One of the emotional benefits of owning or leading a business is the sense of fulfillment that comes with using your size and scale to benefit a worthy cause.
There are certainly compelling business reasons to build a corporate charitable partnership, but when doing so, be sure to keep your No. 1 goal at the helm: help the cause.
Know that the ROI will be difficult to calculate on a balance sheet. Make the choice to be OK with that, and move forward with the partnership because it is the right thing to do. Trust that the financial benefits will be felt over time.
Philosophically, no one would argue that supporting a charity is awesome, but when it comes to asking colleagues, clients and business partners to contribute their time and money, you’ll often find not everyone is leaping out of their seats at once to pitch in.
Take that in stride. Relationships are built over time. The key to building a successful charitable partnership is choosing the right cause, getting the internal team on board and encouraging consumer participation.
Choose the right cause
There are hundreds of fantastic organizations out there, but you want to pick the cause that is just right for your company. What unique goods and services can your company offer a charitable partner?
It’s important to pick an organization that can truly benefit from the level contribution that you are realistically able to provide. Oftentimes, the consumer reach that a corporate partner can offer to spread a charitable organization’s message is its most valuable asset. What assets can your business bring to the table?
The emotional connection with the cause is equally as important. Putting a face behind the fundraising inspires participation. Can the charitable organization offer a spokesperson that will resonate with your audience?
If your company is national, your charitable partner should be national. If your company has local outlets and connects with local communities, your charitable partner should have local chapters, as well, and the money that is raised local should stay local.
In other words, determine what your company is able to contribute (time, services, goods, cash, etc.), then decide what factors will be most important to the constituents you expect to support the cause.
Get the team on board
Donating to a cause means writing a big check. Creating a charitable partnership is a much bigger undertaking. First you’ll want to get your internal team on board. This means clearly communicating the details of the partnership, the attributes of the cause (once again if you have an actual spokesperson, even better) and what is expected from the members of the team. Before you can get your customers involved, you’ve got to get your team to be emotionally invested in the partnership. The best way is to lead them in a hands-on project with the organization. Reward people who take a leadership role in participating and make it a fun, team-building activity. Now it is no longer just a cause they have read about on paper, but they have actually worked with the organization and personally contributed.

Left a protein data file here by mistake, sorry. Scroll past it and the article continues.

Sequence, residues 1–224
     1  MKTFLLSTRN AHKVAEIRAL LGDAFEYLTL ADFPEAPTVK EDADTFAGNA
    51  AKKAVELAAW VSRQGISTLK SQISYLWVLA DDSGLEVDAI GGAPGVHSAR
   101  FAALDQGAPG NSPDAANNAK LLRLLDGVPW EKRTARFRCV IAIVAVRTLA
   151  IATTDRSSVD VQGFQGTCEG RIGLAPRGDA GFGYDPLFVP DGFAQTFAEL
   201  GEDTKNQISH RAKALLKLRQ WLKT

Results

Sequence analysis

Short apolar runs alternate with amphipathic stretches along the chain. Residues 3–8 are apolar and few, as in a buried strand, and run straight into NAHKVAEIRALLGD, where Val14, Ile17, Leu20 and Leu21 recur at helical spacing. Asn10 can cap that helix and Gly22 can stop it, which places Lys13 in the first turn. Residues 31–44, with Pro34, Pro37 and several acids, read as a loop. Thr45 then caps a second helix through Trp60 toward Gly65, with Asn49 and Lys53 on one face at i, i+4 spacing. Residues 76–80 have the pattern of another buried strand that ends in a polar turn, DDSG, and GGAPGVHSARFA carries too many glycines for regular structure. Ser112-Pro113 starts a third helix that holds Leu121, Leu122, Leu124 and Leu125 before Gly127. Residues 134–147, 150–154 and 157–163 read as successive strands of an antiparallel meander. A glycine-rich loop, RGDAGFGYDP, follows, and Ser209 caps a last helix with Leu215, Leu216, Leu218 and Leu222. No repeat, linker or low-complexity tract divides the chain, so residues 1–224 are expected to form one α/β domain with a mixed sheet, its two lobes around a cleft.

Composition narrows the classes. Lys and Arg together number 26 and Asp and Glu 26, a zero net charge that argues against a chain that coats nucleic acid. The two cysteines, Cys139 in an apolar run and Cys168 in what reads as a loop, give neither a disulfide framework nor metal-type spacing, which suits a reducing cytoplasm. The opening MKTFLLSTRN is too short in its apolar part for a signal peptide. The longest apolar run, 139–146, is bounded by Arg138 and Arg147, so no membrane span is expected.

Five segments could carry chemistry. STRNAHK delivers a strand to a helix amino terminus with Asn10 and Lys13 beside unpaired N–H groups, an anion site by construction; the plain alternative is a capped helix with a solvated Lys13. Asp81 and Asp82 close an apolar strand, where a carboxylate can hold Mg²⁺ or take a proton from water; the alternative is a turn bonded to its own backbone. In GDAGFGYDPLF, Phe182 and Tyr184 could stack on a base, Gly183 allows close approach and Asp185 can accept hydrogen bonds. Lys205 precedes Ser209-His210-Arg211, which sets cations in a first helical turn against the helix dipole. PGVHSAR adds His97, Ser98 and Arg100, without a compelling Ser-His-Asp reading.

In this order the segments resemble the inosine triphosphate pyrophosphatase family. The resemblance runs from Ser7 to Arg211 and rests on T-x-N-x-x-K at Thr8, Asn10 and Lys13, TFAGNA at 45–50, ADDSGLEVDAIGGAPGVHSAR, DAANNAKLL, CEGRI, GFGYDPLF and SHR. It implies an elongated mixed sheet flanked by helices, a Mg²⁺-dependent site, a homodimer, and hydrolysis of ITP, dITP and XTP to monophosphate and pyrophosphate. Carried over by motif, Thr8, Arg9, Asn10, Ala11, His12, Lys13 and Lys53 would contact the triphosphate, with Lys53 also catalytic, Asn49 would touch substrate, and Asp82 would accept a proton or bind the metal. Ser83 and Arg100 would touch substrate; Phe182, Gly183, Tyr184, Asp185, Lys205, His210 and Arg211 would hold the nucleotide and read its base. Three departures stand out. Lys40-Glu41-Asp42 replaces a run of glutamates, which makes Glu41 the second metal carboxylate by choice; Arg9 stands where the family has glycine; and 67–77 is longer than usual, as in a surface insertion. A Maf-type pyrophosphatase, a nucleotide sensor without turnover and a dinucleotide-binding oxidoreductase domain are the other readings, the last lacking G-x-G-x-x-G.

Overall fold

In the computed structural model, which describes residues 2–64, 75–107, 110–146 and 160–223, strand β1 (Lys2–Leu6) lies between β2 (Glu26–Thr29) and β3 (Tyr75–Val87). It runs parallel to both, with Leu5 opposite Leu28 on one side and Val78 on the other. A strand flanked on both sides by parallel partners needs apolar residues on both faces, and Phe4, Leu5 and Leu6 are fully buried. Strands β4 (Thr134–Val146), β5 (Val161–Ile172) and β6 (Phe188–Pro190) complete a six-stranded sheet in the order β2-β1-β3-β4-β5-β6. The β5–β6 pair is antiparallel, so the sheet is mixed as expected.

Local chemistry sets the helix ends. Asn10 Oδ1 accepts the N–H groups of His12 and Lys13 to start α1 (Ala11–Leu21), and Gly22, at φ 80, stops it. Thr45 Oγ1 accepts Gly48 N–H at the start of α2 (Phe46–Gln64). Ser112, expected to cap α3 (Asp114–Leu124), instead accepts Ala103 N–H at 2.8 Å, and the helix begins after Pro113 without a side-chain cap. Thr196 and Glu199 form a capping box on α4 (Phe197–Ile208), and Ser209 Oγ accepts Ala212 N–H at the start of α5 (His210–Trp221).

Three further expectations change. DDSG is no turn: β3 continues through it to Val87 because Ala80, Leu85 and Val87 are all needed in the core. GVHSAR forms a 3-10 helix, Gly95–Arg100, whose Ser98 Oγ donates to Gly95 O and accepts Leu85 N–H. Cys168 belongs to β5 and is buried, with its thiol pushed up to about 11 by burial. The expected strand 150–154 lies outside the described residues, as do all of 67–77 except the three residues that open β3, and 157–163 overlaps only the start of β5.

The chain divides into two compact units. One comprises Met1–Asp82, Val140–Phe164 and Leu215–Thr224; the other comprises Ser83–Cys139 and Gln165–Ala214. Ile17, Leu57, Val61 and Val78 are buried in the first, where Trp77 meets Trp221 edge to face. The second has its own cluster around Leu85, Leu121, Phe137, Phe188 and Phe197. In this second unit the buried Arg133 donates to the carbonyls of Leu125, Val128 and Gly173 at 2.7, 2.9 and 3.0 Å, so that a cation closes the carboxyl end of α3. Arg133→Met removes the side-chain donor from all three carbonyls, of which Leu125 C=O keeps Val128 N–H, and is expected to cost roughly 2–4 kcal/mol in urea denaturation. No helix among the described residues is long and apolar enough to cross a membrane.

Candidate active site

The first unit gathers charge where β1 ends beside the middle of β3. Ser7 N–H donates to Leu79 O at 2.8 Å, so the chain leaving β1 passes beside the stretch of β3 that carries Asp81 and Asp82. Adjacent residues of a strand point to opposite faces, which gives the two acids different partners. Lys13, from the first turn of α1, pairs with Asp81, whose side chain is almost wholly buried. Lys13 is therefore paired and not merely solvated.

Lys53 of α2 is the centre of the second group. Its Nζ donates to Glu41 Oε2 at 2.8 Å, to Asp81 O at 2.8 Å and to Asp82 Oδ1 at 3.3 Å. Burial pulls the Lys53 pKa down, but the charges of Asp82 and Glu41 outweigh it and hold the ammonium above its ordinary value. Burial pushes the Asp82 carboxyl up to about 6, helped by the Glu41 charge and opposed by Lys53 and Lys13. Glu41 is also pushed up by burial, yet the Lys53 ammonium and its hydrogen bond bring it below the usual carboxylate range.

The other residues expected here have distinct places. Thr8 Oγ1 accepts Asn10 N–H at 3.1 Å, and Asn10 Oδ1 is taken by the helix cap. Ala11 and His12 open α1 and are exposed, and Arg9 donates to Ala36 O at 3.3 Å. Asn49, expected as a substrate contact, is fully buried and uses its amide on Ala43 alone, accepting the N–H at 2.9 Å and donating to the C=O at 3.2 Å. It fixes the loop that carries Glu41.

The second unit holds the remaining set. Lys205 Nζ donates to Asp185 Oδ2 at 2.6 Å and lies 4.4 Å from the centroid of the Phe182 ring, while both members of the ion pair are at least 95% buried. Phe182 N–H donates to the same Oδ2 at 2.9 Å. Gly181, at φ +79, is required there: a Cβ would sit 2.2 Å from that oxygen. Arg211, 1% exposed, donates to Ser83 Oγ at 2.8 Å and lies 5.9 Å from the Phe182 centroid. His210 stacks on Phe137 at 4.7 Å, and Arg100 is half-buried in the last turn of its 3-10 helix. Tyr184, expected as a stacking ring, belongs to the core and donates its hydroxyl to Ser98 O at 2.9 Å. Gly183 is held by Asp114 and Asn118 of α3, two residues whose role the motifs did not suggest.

Encourage consumer participation
It is no secret that consumers are attracted to brands that support a cause. According to a recent study conducted by Emory University with 1,600 Moe’s Southwest Grill consumers, seeing a charitable message at the point of purchase will increase return visits, intent to recommend, brand trust and satisfaction. It’s meaningful to get your charitable message in front of your customers. Encouraging participation connects your brand with their desire to contribute to their community. If a guest can feel that he or she has contributed simply by choosing to affiliate with your brand, then that is a win for all parties.
Moe’s Southwest Grill selected the Juvenile Diabetes Research Foundation, whose mission is to cure and treat type 1 diabetes, because we felt that it met our criteria and offered an opportunity for our corporate team, our franchise partners and our customers to get involved at a variety of levels.
When you are ready to commit to creating a charitable partnership, be fearless and jump in with both feet. Resist the urge to do an ROI analysis and keep in mind that you are making a positive impact on a nonprofit organization that needs your help. Trust that your genuine intent will resonate with both internal and external audiences, and when your bottom line feels it, too — well, that’s just an added bonus.
Paul Damico is president of Atlanta based Moe’s Southwest Grill, a fast-casual restaurant franchise with more than 400 locations nationwide. Damico has been a leader in the food service industry for longer than 20 years with companies, such as SSP America, FoodBrand LLC and Host Marriott. He can be reached at firstname.lastname@example.org.